Perspective plan

Since the STF is likely to be a multi-year program, a perspective plan would be useful to prepare. This plan would discuss the vision of program, identify priorities for the state, recognizing the contexts and challenges in TPD. The plan would also provide direction in terms of the components being prioritised and the subject teachers covered for participation in the PLCs. The plan would also include the phased development of in-house ICT infrastructure, in schools as well as in the teacher education institutions at state, district, block and cluster levels.

The coverage of teachers and the provision of ICT infrastructure can be dovetailed, such that teachers from schools, where the labs are being provided can be included in the teacher education for that year. This can avoid situations where there are labs in schools, whose teachers' digital literacy capacities have not been built, or where teachers are trained, but their schools do not have ICT labs.

Preparation of Annual Work Plans (AWP) every year

The detailed planning and budgeting for the program would need to be done as part of the AWP processes. Since the program is envisaged as as a part of the regular in-service teacher education of the government, funding would be secured from Central (RMSA/SSA) and state government budgets. The AWP would discuss the specific objectives of the program for the year, investments, risks/challenges and expected outcomes.

The PLC program envisions building ICT integration capacities in all teachers in the school system. As mentioned, this will take a few years time, since teachers can be covered only in a phased manner. After all teachers are enrolled into the PLCs, the method of the teacher training, can be continued, with focus of the training changing, as per priorities. Essentially, the PLC approach requires access to an ICT lab, where teachers can access resources pertaining to any topic. Secondly, teachers learn digital tools and methods which will help the deepen their knowledge or transact or create curricular resources for that topic. Thirdly teachers become part of virtual networks, which aim at continuing the learning on that topic, beyond the workshop.

This means that after 'subject teacher forums' are established and all teachers are enrolled in their respective subject forums, the same model can be used to build PLCs on other important issues such as gender, adolescent education, vocational education etc. Thus PLC can be seen as a method of in-service training, into which different areas of knowledge/ learning can be incorporated. This model will allow for richer learning during the face-to-face workshops by allowing access to the web during these interactions. It will also allow continuity of learning after the workshops are completed. By ensuring a teacher:computer ratio of 1:1, the number of teachers in any workshop is kept to a manageable number which can allow for more meaningful learning.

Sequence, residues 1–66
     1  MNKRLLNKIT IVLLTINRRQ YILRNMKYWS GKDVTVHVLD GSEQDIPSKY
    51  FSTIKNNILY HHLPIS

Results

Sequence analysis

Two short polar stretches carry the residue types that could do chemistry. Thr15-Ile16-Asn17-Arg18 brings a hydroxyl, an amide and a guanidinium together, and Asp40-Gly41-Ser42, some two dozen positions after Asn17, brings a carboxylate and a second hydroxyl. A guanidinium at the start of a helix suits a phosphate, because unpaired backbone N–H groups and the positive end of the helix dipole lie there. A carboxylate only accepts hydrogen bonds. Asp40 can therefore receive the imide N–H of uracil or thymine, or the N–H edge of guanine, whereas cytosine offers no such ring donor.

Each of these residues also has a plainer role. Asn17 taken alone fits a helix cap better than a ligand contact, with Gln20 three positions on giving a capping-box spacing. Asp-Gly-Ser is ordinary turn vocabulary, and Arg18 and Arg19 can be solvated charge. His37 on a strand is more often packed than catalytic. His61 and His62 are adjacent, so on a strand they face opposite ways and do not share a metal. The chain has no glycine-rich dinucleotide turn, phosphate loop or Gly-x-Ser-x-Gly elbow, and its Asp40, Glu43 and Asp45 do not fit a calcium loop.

Thus the PLC program can continue indefinitely as a part of the in-service teacher education program of the state.

Establishing state and district level design and implementation teams

The PLC program requires a robust structure, at state and district levels, to provide academic and technological support to the teachers, after the workshops, for co-designing and implementing the program. The groups can comprise teachers and teacher educators.

At the state level, a steering committee needs to be established for the program. It could have sub-groups for the PLC and OER components. The convenor/chair of the committee can be the head of institution of teacher education at the state levels. The steering group will oversee the set-up of the infrastructure, teacher training as well as curriculum and syllabus aspects. The steering group can have different sub-groups for review of syllabus and curricular resource materials, designing and development of teacher training programmes as well as infrastructure maintenance and support. The steering group could include members from SCERT, partner organisations implementing the ICT programmes as well as from academic and teacher training institutions.

A second component would be the Technology support team at the state and district levels, this will need to be created from the teachers, who are interested in developing technology skills and are trained on technology maintenance and support. The second component was part of the Assam STF, where teachers are much less exposed to ICT, but not in Karnataka, where most teachers have had some exposure to ICTs. This component will be very useful to sustain ICT use, specially where the uptake of ICT is poor.

At the district level, resource groups for PLC and OER components need to be established, this would be third component of the program structure. These groups can be formed from the Master Resource Persons for each subject. The responsibility of this team is to provide techno-pedagogical support to the other teachers in the district.
Check list for identification of teachers/teacher educators: Teachers and teacher educators can be enrolled into the state and district resource groups, using some of parameters listed below:

  1. Subject knowledge
  2. Interest in learning ICT (expertise in ICT is not required)
  3. Interest in being a teacher educator / faculty in the workshops
  4. Experience in facilitating teacher education programs / workshops

In Karnataka and in Telangana, most of the district teams comprise of teachers. Very few teacher educators are members. This is because, the program has focused on high school teachers and teachers as practitioners tend to be more comfortable in integrating ICT for subject teaching and for resource creation, as compared to teacher educators from DIETs and CTEs.

The department should also identify community organizations promoting free and open technologies at state and district levels and encourage their support to teachers in adopting FOSS tools in schools. In Kerala, the NGO SPACE provided support to the department in supporting teachers adopt FOSS and initially provided the custom distributions of the FOSS platform and applications for their IT@Schools program. In Karnataka and Telangana too, not for profit organizations including the Free Software Foundation, Free Software Movement of India have participated and supported ITfC in the teacher training workshops and also subsequent implementation in schools.


The preparation of a perspective plan is necessary to provide a continuity of thought and action with respect to the program. However, there is a high probability of changing priorities, including due to changes in the role of senior officials in the department. This may lead to the program not proceeding as per the perspective plan, with short or longer disruptions likely. Nevertheless, a perspective plan will provide a sense of direction to the program, and progress over time can be assessed with respect to this plan.